Green groups appeal: Mind your e-waste this Christmas | Inquirer News

Green groups appeal: Mind your e-waste this Christmas

/ 07:08 AM December 20, 2014

“E-waste here, E-waste there, E-waste everywhere / It’s no fun for planet Earth to drown in our E-waste.”

That’s a modified version of “Jingle Bells” as sung by environmental advocates who, in a campaign launched Friday in Quezon City, urged Christmas shoppers to be mindful of the alarming volume of electronic wastes or discarded gadgets that pile up after the holiday gift-giving season.

“The lure of so-called hi-tech gadgets for gifts and even for personal enjoyment to celebrate Christmas with, brings with it the accompanying dread of e-waste, which can end up in dumpsites and landfills or are burned, contaminating the environment and putting the health of communities and other life forms at great risk,” said Primo Morillo of Philippine Miseror Partnership Inc. (PMPI).


“Changing gadgets every year increases e-wastes,” Morillo said as he asked shoppers to think twice about buying new gadgets just to be fashionable even though their old gizmos are still perfectly okay to use. “People buy the latest smartphones or tablets every year when they don’t even know how to maximize their features.”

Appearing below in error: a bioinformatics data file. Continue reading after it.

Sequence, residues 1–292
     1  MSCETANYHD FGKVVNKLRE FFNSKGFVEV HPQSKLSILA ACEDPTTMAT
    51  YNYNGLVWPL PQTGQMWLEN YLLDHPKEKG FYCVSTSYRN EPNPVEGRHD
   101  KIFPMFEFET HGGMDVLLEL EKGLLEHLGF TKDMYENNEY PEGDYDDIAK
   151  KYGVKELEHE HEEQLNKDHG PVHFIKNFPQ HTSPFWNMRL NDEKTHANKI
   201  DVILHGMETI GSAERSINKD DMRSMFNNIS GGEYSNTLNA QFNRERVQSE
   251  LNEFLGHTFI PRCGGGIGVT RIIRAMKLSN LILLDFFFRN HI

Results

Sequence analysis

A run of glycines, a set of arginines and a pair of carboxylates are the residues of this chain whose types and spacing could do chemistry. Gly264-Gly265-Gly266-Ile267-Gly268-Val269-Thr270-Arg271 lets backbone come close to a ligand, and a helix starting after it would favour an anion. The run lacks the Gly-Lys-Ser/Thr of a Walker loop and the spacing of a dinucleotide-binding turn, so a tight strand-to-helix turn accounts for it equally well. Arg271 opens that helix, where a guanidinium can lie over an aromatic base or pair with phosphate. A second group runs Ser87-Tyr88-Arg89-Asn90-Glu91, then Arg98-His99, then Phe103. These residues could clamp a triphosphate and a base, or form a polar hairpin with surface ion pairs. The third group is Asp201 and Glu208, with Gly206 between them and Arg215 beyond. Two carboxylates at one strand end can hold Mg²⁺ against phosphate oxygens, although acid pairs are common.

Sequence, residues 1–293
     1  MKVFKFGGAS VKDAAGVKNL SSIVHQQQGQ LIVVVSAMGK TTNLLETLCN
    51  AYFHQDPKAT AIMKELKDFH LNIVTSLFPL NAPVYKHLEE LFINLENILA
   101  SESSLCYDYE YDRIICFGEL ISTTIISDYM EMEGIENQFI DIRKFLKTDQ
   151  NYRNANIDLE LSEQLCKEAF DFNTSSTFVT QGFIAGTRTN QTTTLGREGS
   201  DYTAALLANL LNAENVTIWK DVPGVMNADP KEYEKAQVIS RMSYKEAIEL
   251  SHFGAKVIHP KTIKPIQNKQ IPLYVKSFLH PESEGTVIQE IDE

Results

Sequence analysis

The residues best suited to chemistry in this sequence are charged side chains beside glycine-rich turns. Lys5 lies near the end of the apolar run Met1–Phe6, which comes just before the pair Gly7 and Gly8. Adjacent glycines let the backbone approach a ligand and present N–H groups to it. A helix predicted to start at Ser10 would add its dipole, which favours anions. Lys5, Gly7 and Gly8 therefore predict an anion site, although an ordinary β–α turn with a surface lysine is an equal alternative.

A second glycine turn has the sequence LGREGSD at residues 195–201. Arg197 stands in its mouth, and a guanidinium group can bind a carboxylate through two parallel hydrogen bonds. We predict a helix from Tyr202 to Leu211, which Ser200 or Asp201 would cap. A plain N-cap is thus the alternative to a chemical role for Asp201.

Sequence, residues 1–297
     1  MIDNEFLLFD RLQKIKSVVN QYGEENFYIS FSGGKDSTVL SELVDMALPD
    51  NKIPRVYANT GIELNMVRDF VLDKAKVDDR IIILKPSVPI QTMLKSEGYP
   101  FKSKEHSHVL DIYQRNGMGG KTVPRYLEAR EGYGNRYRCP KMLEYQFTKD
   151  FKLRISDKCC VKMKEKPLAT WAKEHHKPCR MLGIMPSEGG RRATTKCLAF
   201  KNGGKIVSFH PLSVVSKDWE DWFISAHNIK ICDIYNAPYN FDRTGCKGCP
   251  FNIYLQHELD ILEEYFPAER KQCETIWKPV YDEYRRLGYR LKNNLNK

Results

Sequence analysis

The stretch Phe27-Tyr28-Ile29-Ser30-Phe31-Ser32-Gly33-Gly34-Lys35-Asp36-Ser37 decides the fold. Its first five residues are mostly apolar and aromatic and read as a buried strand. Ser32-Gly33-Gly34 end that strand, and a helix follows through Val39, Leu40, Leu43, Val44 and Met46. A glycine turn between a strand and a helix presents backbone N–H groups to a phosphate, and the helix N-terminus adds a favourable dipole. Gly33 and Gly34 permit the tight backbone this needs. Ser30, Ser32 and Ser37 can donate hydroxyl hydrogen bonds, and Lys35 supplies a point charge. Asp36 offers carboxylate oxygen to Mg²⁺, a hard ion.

Those who really need to buy new gadgets could do Mother Earth a favor by preferring products with reduced levels of toxic components or those containing cadmium, hexavalent chromium, lead, polybromindated biphenyls and polybrominated biphenyl ethers, among others, he said.

They should look for products with the RoHS logo, for example, which indicates that these gadgets had passed European Union restrictions on such hazardous substances.

PMPI, a group promoting “integral human development and social transformation,” teamed up with members of the EcoWaste Coalition in an anti-e-waste campaign that had them singing the modified Christmas carol Friday morning at the MRT North Avenue station.

The United Nations Environment Programme considers e-wastes “the fastest growing waste stream globally,” noting that one electronic device alone could contain as many as 60 harmful chemicals, according to EcoWaste project coordinator Thony Dizon.

Morillo said consumers can contact the Department of Environment and Natural Resources and his group for advice on the proper disposal of e-wastes through accredited recycling facilities.

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TAGS: E-Waste, PMPI, Primo Morillo

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